WiMAX: Worldwide Interoperability for Microwave
V. IPv6 MIGRATION ISSUES Access.
The migration is started from IPv4 to IPv6 but still RFID: Radio-frequency identification.
many of the TCP/IP users have not seen any related IP: Internet Protocol.
software in their systems. Before launching the IPv6 IPv4: Internet Protocol version 4.
protocol, network infrastructure must be upgraded in IPv6: Internet Protocol version 6.
order to accommodate the supporting softwares and MAC: Medium Access Control.
services. Most of the market leaders in the field of TCP: Transmission Control Protocol.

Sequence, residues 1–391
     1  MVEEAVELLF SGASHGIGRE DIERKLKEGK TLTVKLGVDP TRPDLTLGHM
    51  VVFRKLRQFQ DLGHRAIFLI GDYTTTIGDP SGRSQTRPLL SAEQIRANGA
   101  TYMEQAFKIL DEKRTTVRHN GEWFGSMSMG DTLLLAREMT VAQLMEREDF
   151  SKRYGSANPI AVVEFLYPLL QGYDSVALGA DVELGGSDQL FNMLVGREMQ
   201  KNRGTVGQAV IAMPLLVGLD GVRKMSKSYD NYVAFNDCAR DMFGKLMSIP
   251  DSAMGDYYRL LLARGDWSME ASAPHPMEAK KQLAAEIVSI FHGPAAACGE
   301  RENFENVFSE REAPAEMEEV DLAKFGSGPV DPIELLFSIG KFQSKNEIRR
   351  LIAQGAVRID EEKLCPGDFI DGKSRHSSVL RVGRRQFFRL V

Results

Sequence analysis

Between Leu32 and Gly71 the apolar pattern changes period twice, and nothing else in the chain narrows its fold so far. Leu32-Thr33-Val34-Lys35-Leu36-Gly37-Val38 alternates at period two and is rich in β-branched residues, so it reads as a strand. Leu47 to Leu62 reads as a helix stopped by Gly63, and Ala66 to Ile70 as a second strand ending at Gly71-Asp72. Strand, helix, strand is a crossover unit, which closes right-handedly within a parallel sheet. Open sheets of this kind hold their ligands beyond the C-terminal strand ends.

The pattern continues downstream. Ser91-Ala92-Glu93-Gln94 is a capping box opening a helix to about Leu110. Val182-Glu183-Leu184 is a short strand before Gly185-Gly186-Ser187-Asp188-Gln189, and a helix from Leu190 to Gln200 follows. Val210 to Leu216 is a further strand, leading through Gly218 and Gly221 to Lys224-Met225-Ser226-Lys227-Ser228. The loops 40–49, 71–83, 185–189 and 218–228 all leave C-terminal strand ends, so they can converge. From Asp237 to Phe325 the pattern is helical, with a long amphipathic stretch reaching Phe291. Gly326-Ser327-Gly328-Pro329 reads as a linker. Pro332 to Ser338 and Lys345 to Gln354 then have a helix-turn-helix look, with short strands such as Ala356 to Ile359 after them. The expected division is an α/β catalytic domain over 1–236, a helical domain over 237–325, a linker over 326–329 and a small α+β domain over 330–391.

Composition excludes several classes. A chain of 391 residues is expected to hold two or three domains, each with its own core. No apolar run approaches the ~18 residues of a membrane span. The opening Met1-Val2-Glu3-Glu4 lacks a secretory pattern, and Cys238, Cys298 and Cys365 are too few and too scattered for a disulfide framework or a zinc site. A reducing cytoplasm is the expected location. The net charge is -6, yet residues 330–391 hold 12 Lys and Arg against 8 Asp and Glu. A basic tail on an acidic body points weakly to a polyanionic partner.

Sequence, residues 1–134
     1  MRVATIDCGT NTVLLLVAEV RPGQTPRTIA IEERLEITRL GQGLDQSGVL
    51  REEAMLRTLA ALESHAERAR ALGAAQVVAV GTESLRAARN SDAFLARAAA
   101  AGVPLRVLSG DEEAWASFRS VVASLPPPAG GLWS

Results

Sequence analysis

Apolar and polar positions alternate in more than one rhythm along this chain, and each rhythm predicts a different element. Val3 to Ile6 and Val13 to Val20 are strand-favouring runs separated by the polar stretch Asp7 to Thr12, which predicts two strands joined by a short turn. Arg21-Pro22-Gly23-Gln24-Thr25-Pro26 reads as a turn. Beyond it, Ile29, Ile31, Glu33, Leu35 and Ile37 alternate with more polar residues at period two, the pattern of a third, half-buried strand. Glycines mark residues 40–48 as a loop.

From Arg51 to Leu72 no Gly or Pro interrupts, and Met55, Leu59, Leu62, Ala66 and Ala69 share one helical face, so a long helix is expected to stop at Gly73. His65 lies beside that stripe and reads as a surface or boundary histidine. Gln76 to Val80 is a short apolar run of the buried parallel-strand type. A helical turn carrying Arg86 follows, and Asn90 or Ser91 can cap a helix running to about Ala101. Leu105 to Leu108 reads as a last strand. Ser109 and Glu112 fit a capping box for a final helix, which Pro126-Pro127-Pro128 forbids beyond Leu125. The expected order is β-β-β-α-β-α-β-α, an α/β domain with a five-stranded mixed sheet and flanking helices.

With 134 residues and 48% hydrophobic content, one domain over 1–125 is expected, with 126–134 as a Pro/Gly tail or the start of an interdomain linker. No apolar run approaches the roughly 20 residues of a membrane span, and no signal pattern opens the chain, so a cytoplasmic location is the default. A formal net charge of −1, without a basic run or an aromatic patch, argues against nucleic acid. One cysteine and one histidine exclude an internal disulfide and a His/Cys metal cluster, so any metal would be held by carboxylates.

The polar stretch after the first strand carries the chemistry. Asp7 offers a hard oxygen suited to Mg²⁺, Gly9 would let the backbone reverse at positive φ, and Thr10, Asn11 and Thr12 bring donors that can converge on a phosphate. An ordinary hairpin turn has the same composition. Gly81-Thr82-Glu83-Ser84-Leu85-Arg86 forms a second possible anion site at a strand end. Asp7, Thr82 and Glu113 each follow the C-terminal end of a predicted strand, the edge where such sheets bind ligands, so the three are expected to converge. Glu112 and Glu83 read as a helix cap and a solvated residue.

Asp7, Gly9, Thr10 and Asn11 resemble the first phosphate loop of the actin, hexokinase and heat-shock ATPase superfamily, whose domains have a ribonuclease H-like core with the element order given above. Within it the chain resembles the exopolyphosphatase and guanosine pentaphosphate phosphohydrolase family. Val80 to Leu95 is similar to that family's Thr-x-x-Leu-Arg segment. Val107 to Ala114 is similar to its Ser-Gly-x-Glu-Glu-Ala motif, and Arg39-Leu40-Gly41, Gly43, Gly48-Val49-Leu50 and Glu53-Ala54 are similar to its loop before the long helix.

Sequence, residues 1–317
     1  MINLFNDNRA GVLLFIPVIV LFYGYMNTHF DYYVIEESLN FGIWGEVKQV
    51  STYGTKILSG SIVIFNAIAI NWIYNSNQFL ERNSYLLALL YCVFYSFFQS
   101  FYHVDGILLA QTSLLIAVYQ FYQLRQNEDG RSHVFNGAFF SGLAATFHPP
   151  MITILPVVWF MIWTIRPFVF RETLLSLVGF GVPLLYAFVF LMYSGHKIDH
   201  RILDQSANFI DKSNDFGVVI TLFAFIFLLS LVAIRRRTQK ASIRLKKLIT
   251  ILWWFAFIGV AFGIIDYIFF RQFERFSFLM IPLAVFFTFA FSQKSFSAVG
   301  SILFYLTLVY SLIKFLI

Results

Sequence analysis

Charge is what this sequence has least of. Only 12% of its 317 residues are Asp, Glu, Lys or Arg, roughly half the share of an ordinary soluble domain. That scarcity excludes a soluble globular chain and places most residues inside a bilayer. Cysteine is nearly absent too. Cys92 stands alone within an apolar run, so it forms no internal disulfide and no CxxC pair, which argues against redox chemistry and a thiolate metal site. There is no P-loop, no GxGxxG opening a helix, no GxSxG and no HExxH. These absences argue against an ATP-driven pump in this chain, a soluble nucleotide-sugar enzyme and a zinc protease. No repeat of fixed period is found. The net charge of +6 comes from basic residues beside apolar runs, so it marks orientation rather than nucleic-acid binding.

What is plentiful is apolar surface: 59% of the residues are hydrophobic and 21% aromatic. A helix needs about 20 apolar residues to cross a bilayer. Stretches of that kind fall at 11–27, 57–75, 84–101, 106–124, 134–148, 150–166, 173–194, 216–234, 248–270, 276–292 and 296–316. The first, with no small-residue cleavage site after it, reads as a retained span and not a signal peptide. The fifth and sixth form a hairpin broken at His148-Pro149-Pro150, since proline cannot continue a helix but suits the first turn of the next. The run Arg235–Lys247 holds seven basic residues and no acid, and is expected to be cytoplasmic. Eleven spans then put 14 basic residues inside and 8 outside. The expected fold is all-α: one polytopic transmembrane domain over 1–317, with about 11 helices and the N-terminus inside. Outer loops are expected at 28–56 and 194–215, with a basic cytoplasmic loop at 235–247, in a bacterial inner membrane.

networking have started developing products and UDP: User Datagram Protocol.
services that can support IPv6. Support for IPv6 in HTTP: Hypertext Transfer Protocol.
UNIX based system is already announced by most of the SMTP: Simple Mail Transfer Protocol.
organizations such as IBM, Swedish Institute of FTP: File Transfer Protocol.
Computer Science (SICS), and the U.S. Naval Research OSI: Open System Interconnection.
Laboratory etc. Many of the companies have announced IEEE: Institute of Electrical and Electronics Engineers.
for IPv6 support in different operating systems as well LAN: Local Area Network.
as application softwares - such as Apple announced OUI: Organizationally Unique Identifier.
support for IPv6 in MacOS, Novell announced to CIDR: Classless Inter-Domain Routing.
support it in NetWare, etc [9]. IANA: Internet Assigned Numbers Authority.
There are number of issues that must be taken into IETF: Internet Engineering Task Force.